Often referred to as “Bible Sunday” yet Fr. Crouse believes the focus should be more on the indwelling Word than the word written.  The Gospel highlights the end of the world, the prophesy of destruction not just of the historical Jerusalem but the end of all things.  It is about the devastation of worldly hopes, replaced by the hope of Christ in glory.  But it is not just about end times, but every moment has a kind of finality to it, at every moment God’s coming to our souls places us under the judgement of God’s Word.  Our business now is to live every moment under that judgement.  In the failings of this world, now, our redemption draws near.  In our insufficiency in this world, now, He comes in power and glory!  The Kingdom of heaven is at hand, now all earthly things are passing.  But the indwelling Word of God in the believing soul is eternal, He is our hope. 

The Epistle calls on us to abound in that hope because of the indwelling Word in our soul and in our Christian community. 

Advent 3 – witnessing to the world of that indwelling Word, the hope within us. 

In the Gospel, John the Baptist is in prison looking for signs.  He is the great example of watching and waiting for the present coming of the Word.  Our watching and openness to the coming of Christ is not just about his second coming but His present coming to us in the Christian soul.  In our souls right now we are to “prepare the way of the Lord.” 

As John was a faithful minister and steward of the mystery of God in Christ so the Apostles were faithful stewards of this mystery and so are each of us (not just clergy) as God’s ministers to be stewards of the mysteries of Christ.  Paul says, “Christ in you, the hope of glory”.  As we prepare to rejoice in the midst of fancies and fads of this world, under it all, behind it all, through it all is the revelation of God with us, of God’s kingdom within us.  Happy are those servants, who no matter what time the master returns, finds them faithful.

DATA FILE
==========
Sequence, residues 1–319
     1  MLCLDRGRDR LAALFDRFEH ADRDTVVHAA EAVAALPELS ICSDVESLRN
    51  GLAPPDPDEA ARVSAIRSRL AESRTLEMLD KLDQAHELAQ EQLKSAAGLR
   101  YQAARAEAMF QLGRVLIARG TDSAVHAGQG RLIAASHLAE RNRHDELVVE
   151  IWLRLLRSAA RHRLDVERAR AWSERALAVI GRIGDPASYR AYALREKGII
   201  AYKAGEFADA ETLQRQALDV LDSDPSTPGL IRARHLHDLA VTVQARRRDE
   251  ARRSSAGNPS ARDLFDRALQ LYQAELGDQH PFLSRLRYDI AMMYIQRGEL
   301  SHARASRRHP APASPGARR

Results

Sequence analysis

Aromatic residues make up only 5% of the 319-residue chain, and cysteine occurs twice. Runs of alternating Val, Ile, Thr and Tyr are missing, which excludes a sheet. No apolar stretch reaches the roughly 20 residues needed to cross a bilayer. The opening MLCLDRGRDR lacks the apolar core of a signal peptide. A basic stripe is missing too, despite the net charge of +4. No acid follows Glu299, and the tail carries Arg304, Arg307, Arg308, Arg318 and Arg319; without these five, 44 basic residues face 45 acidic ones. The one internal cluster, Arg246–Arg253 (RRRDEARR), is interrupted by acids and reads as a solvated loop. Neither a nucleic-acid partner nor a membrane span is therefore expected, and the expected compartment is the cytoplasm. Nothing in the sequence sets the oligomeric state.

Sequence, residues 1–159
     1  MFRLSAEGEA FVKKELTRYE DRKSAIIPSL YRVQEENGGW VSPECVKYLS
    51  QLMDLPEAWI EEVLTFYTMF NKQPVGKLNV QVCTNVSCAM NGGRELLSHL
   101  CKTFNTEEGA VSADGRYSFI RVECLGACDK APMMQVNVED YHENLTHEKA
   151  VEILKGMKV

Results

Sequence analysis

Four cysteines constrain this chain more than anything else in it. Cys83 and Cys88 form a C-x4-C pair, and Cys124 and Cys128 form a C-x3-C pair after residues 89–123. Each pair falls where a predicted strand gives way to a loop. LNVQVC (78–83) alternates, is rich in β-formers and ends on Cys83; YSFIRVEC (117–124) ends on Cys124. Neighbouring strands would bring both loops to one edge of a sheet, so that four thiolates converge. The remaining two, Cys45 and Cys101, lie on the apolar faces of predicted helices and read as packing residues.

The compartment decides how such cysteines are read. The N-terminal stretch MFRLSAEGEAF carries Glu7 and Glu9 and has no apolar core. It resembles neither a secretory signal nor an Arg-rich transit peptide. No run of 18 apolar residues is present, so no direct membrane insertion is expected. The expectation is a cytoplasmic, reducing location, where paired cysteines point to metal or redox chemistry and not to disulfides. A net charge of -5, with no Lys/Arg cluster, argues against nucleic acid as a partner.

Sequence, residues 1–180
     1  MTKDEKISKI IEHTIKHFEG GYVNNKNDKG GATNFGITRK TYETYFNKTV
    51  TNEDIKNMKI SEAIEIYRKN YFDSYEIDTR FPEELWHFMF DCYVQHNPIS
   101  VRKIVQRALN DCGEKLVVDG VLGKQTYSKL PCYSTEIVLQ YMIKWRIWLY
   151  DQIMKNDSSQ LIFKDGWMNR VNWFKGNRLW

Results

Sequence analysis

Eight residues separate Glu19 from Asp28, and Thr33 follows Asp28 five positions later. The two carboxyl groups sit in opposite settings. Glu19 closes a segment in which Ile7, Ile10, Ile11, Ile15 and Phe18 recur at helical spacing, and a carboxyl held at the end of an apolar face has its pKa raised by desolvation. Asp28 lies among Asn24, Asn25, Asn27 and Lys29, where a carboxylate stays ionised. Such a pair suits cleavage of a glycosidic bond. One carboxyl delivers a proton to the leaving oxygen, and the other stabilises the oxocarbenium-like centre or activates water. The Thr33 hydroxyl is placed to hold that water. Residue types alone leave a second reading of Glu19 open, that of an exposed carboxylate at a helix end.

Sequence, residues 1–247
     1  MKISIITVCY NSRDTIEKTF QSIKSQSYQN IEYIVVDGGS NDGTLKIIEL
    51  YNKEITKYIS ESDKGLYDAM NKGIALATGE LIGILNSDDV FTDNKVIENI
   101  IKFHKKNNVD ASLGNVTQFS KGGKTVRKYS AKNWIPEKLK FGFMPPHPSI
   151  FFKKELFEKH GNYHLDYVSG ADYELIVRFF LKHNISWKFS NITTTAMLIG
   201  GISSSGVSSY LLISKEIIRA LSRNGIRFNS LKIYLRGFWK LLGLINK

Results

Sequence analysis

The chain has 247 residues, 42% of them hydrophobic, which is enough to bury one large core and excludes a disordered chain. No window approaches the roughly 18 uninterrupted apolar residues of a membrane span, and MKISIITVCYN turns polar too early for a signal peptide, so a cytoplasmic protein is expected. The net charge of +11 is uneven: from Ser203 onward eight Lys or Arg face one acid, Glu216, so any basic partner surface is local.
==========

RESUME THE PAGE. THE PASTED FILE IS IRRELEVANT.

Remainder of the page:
Advent 4 – recognizing the Word of God and rejoicing in His coming. 

In the Gospel, John the Baptist is pointing to the Lamb of God.  John preaches an absolute and impossible righteousness – no compromises.  The Pharisees, who want to continually moderate the law to make it attainable, ask John, “Are you the Messiah?”.  He tells them he is not, rather, he is the one who preaches the straight path and he can only baptize with water.  Human effort always falls short.  If we are to attain the righteousness of God, only grace and mercy (the Lamb sacrificed for us) can do that.  John is preaching a liberation from the Law.  But it is necessary for us in our lives right now to realize we cannot attain it by our own effort, and only when this happens is opened to us the new covenant of grace. 

God’s Word dwelling in us now is cause for rejoicing.  Paul says, “Rejoice in the Lord always, and again I say, rejoice.”  Rejoice in the presence of the Lamb of God who takes away the sin of the world! 

In sum, (1) God’s temple, our souls, are awakened and cleansed by the coming of the indwelling Word (2) that indwelling Word is the ground of our hope in a passing world (3) we are to bear witness to that hope to the world and (4) our hope is fulfilled in our rejoicing in the Lamb!